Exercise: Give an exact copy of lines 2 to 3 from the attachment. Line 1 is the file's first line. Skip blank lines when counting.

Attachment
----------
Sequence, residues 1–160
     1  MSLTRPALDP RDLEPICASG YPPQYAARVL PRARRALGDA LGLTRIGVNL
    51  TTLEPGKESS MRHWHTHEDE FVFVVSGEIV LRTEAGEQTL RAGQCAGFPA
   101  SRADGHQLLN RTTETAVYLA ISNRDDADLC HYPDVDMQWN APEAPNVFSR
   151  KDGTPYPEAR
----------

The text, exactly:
     1  MSLTRPALDP RDLEPICASG YPPQYAARVL PRARRALGDA LGLTRIGVNL
    51  TTLEPGKESS MRHWHTHEDE FVFVVSGEIV LRTEAGEQTL RAGQCAGFPA